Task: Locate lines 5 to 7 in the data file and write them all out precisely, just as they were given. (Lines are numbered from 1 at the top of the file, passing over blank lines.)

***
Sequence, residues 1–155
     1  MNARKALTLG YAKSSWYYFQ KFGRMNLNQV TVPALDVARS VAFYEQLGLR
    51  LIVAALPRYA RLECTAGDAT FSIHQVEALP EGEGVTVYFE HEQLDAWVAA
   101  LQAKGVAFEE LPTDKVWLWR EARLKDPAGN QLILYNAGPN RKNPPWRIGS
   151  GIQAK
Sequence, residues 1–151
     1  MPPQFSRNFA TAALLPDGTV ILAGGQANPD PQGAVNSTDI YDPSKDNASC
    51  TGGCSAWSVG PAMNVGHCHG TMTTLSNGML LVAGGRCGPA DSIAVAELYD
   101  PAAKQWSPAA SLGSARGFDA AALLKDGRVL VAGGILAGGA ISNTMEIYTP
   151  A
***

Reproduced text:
   151  GIQAK
Sequence, residues 1–151
     1  MPPQFSRNFA TAALLPDGTV ILAGGQANPD PQGAVNSTDI YDPSKDNASC